Key facts about John A. Bingham, an influential congressman during the American Civil War and Reconstruction eras, who drafted the first section of the Fourteenth Amendment of the United States Constitution.
- John Armor Bingham
- January 21, 1815
- Mercer, Pennsylvania
- Hugh and Ester (Bailey) Bingham
- Franklin College (2 years)
- Military officer
- U.S. Congressman
- Major (USVA)
- United States Minister to Japan
- Amanda Bingham (1844)
Place of Death:
- Cadiz, Ohio
Date of Death:
- March 19, 1900
Place of Burial:
- Union Cemetery in Cadiz, Ohio
- John Bingham’s mother died when he was twelve years old and for unknown reasons, the boy moved to Cadiz, Ohio to live with his uncle, Thomas Bingham.
- During his youth, John Bingham served as a printer’s apprentice for the Luminary, an Anti-Masonic newspaper in Mercer, Pennsylvania.
- John Bingham attended Mercer Academy and then Franklin College in New Athens, Ohio, for two years.
- John Bingham studied law under two prominent Pennsylvania lawyers, John J. Pierson and William Stuart.
- John Bingham was admitted to the bar in Ohio on October 14, 1841.
- In 1844, John Bingham married his first cousin, Thomas Bingham’s daughter Amanda Bingham.
- Their marriage lasted forty-seven years until Mrs. Bingham’s death in 1891, and it produced three children.
- While living in Cadiz, Ohio, John Bingham became active in politics as a member of the Whig Party.
- In 1846, Tuscarawas County voters elected John Bingham to the office of prosecuting attorney, a position he held until 1849.
- In 1854, voters from Ohio’s Twenty-first Congressional District elected John Bingham to the United States House of Representatives. Reelected to three more successive terms, Bingham served in the Thirty-fourth through the Thirty-seventh Congresses from March 1857 to March 1863.
- During his early years in Congress, John Bingham consistently supported anti-slavery legislation.
- During the Civil War, John Bingham staunchly defended the Union cause and drifted toward the Radical element of the Republican Party.
- Joseph W. White defeated John Bingham in his bid to return to Congress in the 1862 elections.
- In 1864, President Abraham Lincoln appointed John Bingham as a major in the Union Army, where he served briefly as a judge advocate.
- In 1864, John Bingham defeated incumbent Democratic Representative Joseph W. White in the fall Congressional elections.
- John Bingham represented Ohio’s Sixteenth Congressional District in the Fortieth through Forty-second Congresses from March 1865 to March 1873.
- In 1865, Secretary of War Edwin Stanton appointed John Bingham to serve on the government’s three-person team that prosecuted assassin John Wilkes Booth’s co-conspirators.
- During John Bingham’s second tenure in Congress, he generally aligned himself with Moderate Republicans over issues regarding Reconstruction.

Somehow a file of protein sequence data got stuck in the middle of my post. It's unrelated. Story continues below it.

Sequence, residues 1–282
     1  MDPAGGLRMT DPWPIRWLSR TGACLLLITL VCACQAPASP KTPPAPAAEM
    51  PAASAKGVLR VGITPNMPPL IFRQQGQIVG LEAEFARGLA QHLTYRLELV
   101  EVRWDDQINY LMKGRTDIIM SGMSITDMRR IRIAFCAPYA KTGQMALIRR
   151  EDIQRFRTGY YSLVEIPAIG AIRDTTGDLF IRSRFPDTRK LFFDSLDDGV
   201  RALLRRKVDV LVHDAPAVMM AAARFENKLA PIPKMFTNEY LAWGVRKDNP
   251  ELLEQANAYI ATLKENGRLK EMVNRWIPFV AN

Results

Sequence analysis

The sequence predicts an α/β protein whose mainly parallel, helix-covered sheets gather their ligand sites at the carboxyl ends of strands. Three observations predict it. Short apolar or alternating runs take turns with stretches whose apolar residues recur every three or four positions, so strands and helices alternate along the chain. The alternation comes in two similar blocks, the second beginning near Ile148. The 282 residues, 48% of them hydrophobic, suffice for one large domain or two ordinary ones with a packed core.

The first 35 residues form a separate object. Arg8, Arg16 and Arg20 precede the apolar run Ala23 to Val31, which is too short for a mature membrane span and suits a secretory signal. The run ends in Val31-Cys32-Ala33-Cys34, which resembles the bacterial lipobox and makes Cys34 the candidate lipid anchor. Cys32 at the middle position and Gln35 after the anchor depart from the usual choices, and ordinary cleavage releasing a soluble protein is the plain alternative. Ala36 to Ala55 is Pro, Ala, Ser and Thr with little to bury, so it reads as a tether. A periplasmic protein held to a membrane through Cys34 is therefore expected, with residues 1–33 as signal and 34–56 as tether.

- In December 1865, Republican leaders selected John Bingham as one of nine Congressmen to represent the House of Representatives on the influential Joint Committee on Reconstruction.
- On Friday, January 12, 1866, John Bingham introduced a proposal that the U.S. Constitution be amended to establish that “The Congress shall have the power to make all laws necessary and proper to secure to all persons in every state within this Union equal protection in their rights of life, liberty and property.” Bingham’s proposal subsequently became the basis for the first section of the Fourteenth Amendment.
- John Bingham opposed early efforts by Radical Republicans, to impeach President Andrew Johnson.
- On February 24, 1868, John Bingham voted with the majority of Republicans in the House of Representatives to impeach the President Andrew Johnson.
- John Bingham served on the committee of seven members of the U.S. House of Representatives that drafted formal impeachment charges against President Andrew Johnson.
- On March 2, 1868, members of the U.S. House of Representatives selected John Bingham as one of seven “managers to conduct the impeachment against Andrew Johnson, President of the United States, on the part of the House.”
- John Bingham supported enactment of the Fifteenth Amendment.
- In the November 1872 election, Republican candidate Lorenzo Danford unseated John Bingham in his bid to continue to represent Ohio’s Sixteenth District in Congress.
- John Bingham served as United States Minister to Japan from May 31, 1873 until July 2, 1885, when he was recalled by newly-elected Democratic President Grover Cleveland.
- When John Bingham’s health began to fail in 1898, Congress granted him a pension for his military service during the Civil War.
- In 1901, the citizens of Harrison County, Ohio erected a bronze statue honoring John Bingham in Cadiz, Ohio.